DEARBORN –– Henry Ford College, and state business leaders Sept. 10 launched Futures for Frontliners, a tuition-free college education opportunity to the estimated 625,000 Michigan residents who have served as essential workers during the COVID-19 pandemic.
Inspired by the GI Bill, which provided a college education to those who served in the military during World War II, Futures for Frontliners offers Michigan adults who provided essential services during the pandemic a tuition-free pathway to gaining the skills needed to obtain high-demand, high-wage careers.
Essential workers eligible for Futures for Frontliners risked their health and their lives to provide essential services during the pandemic. They include:
• Hospital and nursing home staff.
• Grocery store employees.
• Childcare providers serving critical infrastructure workers.
• Personal protective equipment manufacturers.
• Public safety employees.
• Sanitation workers.
• Delivery drivers and postal workers.
“They put themselves at risk to serve Michigan residents during a pandemic,” HFC President Russell Kavalhuna said at the launch. “We will put their futures at the forefront now.”
Kavalhuna expressed his excitement about Futures for Frontliners – which he called the best news he’s heard in months. He said HFC is proud to support this program and will work with public and private entities to help Michigan build its future both individually and as a society.
“We are going to commit to make it worth their time,” Kavalhuna said. “Our college wants to make sure that every single class they take is a step forward to a new career or an enhanced career.
“We will work hard to understand their goals and to achieve a path for them to accomplish those goals. We will assist them in their financial needs, their academic needs, and their social needs during their college experience.”
To be eligible for the program, applicants must:
• Be a Michigan resident.
• Have worked in an essential industry at least part-time for 11 of the 13 weeks between April 1 and June 30.
• Have been required by their job to work outside the home at least some of the time between April 1 and June 30.
• Have not previously earned an associate’s or bachelor’s degree.
• Have not defaulted on a federal student loan.
• Have completed a Futures for Frontliners application by 11:59 p.m. Thursday, Dec. 31.
If applicants meet these requirements as verified by the state, they will be able to begin their studies at HFC as early as Winter 2021 Semester, which begins Jan. 11, 2021.
Futures for Frontliners is a $24 million investment funded by the Governor’s Education Emergency Relief Fund – which is part of the CARES Act. It also supports Gov. Gretchen Whitmer’s 60 by 30 Action Alliance. The latter is an initiative Whitmer announced in her first State of the State Address that aims to increase the number of Michigan citizens with a post-secondary credential to 60 percent by 2030 to meet the demand for skilled workers.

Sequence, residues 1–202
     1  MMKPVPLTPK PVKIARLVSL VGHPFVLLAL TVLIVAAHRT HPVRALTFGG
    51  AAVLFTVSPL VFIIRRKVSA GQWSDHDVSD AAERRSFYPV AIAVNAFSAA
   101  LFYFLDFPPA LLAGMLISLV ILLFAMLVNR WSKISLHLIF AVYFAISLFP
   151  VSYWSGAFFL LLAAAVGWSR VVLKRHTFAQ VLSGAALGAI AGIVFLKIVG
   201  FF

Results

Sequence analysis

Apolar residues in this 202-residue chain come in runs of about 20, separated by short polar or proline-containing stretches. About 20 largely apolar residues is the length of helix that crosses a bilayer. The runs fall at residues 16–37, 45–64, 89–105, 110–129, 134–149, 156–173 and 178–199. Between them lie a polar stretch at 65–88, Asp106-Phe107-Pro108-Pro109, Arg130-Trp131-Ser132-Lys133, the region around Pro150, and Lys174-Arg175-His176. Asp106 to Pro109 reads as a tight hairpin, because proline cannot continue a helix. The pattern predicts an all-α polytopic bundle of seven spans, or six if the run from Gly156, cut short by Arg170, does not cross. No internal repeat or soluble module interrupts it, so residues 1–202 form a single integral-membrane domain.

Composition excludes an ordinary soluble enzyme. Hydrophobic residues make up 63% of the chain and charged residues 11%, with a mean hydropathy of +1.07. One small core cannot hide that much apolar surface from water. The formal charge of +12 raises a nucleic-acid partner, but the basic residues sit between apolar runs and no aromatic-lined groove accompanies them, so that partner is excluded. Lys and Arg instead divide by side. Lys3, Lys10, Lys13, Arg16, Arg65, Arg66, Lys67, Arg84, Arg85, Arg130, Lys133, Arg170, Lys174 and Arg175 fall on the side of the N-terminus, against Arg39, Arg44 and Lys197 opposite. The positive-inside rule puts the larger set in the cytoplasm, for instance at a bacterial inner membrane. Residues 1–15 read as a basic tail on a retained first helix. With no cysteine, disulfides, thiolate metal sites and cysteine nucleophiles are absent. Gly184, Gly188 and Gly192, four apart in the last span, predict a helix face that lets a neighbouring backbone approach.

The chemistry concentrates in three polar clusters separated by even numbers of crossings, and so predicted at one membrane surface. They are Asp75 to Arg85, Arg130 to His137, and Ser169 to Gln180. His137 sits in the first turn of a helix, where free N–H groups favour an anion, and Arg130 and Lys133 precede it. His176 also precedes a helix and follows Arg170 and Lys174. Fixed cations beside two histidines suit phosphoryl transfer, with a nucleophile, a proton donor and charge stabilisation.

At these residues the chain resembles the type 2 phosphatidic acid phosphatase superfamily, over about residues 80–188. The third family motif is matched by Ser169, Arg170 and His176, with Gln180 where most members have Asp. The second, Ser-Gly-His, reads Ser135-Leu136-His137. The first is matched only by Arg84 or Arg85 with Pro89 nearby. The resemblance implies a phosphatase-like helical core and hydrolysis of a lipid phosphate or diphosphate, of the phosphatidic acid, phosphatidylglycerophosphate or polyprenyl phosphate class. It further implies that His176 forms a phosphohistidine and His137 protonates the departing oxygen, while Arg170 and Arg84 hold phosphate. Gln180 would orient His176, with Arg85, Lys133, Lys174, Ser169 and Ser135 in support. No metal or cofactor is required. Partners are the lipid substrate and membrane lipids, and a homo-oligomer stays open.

“This initiative is Michigan’s way of expressing gratitude to essential workers for protecting public health and keeping our state running,” Whitmer said. “Whether it was stocking shelves, delivering supplies, picking up trash, manufacturing PPE, or providing medical care, you were there for us. Now this is your chance to pursue the degree or training you’ve been dreaming about, to help you and your own family succeed.”
“As an employer of nearly 20,000 frontline associates here in Michigan and beyond, we are proud and thankful for each of our employees who stepped up to feed our customers and our communities during the pandemic,” said Rachel Hurst, Corporate Affairs manager for Kroger Co., who spoke at the launch. “We’re excited for them to have this hard-earned opportunity to continue their education with support from the Futures for Frontliners program, which pairs well with our Feed Your Future program.”
“Michigan manufacturers have been on the front lines in defense against the COVID-19 threat, creating essential products necessary for daily life – from food and pharmaceuticals, to transportation and even toilet paper,” said John Walsh, president of the Michigan Manufacturers Association, who also spoke at the launch. “The Futures for Frontliners program will recognize these truly-deserving heroes, investing in their personal future as well as the economic future of our state.”
Advocates for additional career training stated that Futures for Frontliners also helps them offset training costs and provide another avenue for retention and long-term career growth. Several other business organizations, corporations, unions, and legislators have volunteered to serve as Frontliners Champions. These volunteers will inform their frontline workers, members, and constituents about this tuition-free college opportunity.
Kavalhuna said a college degree or a post-high school credential will not only make lives for essential workers better, but will also benefit society as a whole. That is why HFC offers so many academic programs that are connected to closing Michigan’s skills gap.
“Those programs are, candidly, a path to the middle class,” he said. “Michigan Frontliners deserve that path. So we are committed to helping Frontliners in any academic or workforce program at our college – to help them in their path. We will support them all the way from graduation into their new careers.”
For more information about Futures for Frontliners, go to www.hfcc.edu/frontliners.